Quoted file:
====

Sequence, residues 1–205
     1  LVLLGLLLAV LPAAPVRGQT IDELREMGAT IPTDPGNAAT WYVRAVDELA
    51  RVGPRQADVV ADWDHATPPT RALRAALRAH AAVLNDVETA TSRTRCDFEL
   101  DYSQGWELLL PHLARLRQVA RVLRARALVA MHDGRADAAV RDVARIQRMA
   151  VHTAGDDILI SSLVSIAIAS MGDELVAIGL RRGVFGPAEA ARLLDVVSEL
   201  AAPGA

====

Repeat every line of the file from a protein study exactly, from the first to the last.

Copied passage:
Sequence, residues 1–205
     1  LVLLGLLLAV LPAAPVRGQT IDELREMGAT IPTDPGNAAT WYVRAVDELA
    51  RVGPRQADVV ADWDHATPPT RALRAALRAH AAVLNDVETA TSRTRCDFEL
   101  DYSQGWELLL PHLARLRQVA RVLRARALVA MHDGRADAAV RDVARIQRMA
   151  VHTAGDDILI SSLVSIAIAS MGDELVAIGL RRGVFGPAEA ARLLDVVSEL
   201  AAPGA